Wednesday, October 24, 2007

Day + 120

I forgot to let you all know how my Bone Marrow Aspiration and Trephine went. It happened last Friday and was my fifth one in total.
It was fine.
There was hardly any pain at all this time around. Dr. Katrina was perfect and I'd had a whack of morphine earlier in the day so I think that the combination of an excellent doctor and drugs did the trick. She had a brief naked eye visual examination of the cells recovered and was very happy with them saying that "they look very healthy and there are an awful lot of them". This hopefully means that the engraftment of stem cells was a complete success

I thought I'd explain exactly what this procedure is.
First you have a local anaesthetic injection into the skin over the biopsy site - usually your hip bone - to numb it. When this has worked, the doctor puts the needle in. For a bone marrow aspiration, the needle is quite thin. For a bone marrow trephine, the needle is thicker. Either way, the doctor needs to put the needle through the skin, into the hip bone and into the centre of the bone, where the marrow is. If you are having a marrow aspiration, the doctor then sucks a cubic millilitre of bone marrow cells into the needle. You feel a sudden, sharp pain when the doctor starts drawing the bone marrow cells out. If you are having a trephine biopsy as well, the doctor will take this needle out and put the second one in.
If you are having a trephine, the doctor will turn the needle back and forth (hard!) while pushing it further into the marrow. The aim is to get a one or two centimetre core of marrow out in one piece. Once it is in far enough, the doctor will draw out the needle, containing its core of marrow. The needle going into the hip bone can be painful, but it doesn't last for too long. The core is then placed in a solution and looks like the worm in the bottom of a bottle of good tequila.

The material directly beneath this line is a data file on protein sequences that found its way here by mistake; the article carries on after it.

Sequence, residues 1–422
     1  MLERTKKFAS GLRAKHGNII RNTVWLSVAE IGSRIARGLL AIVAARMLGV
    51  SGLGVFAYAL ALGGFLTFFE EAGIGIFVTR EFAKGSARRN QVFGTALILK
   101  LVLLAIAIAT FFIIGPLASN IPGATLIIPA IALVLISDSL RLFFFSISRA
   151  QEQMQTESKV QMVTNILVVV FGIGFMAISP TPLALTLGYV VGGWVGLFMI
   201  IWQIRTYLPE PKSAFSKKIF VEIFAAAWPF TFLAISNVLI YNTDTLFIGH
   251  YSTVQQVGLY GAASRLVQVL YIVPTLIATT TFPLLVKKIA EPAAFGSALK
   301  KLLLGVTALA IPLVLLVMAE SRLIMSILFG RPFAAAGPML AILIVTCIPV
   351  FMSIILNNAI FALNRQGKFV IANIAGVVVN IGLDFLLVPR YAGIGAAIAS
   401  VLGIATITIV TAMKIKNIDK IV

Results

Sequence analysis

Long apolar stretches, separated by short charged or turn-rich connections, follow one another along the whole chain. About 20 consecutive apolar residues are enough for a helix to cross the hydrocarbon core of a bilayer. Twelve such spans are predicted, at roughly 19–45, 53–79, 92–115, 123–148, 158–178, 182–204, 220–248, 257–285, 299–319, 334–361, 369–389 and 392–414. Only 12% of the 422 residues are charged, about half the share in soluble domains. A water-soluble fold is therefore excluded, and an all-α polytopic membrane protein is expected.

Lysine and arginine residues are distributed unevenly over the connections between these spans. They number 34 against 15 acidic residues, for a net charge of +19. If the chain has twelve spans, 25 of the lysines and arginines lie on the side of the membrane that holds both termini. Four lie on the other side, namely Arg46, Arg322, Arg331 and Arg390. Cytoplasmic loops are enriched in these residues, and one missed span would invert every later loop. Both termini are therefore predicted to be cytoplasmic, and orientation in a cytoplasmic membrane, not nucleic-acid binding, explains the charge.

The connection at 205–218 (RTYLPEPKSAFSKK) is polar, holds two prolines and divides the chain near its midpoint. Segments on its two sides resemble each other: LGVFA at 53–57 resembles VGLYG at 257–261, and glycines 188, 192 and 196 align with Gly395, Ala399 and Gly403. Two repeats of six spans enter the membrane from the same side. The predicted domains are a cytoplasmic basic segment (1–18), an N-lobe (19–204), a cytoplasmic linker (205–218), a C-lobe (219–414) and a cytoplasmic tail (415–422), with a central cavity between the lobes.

So, I'm still not eating, although I can manage lightly boiled eggs mashed up in a cup. I am being weaned again!
I am going into the office tomorrow to have a full and frank discussion with HR and my boss about when I should return to work. I'm not up to it right now. I know my GP has written a report so it'll be interesting to see what that says.

Finally, we are setting the wheels in motion for our anti-cancer visit to Boston. We have settled on the 26th June to the 3rd July and have picked our hotel. It's just a matter of getting flights now but things are slightly inflated due to the 4th July celebrations. I'm sure we'll find something.

Thursday, October 18, 2007

Veronica and I (and the weans) went to see my Super Doc today. I haven't seen him in over 2 months so it was high time we touched based. Fortunately Wonder Nurse was also kicking about so I got alot of emotional and psychological garbage off my chest... which was nice. I'm arranging to have a few more one on one sessions as my mental health is not the greatest at the moment and I know it is worrying Veronica.
Anyway, all my blood work checked out OK again and I passed another quick "prod test". The rest of the consultation was just general chat and what to do now. I'm not having another scan until after Christmas (Woo hoo!) as my oncologist doesn't want to see "a large, shrivelled up dead tumor during the festive season". We're really pleased about this as it means we can just concentrate on the weans and not having me panicking about results like I was last year... it made Christmas suck. Also, I haven't heard him talk this confidently about my condition for a long time and it was nice to hear it.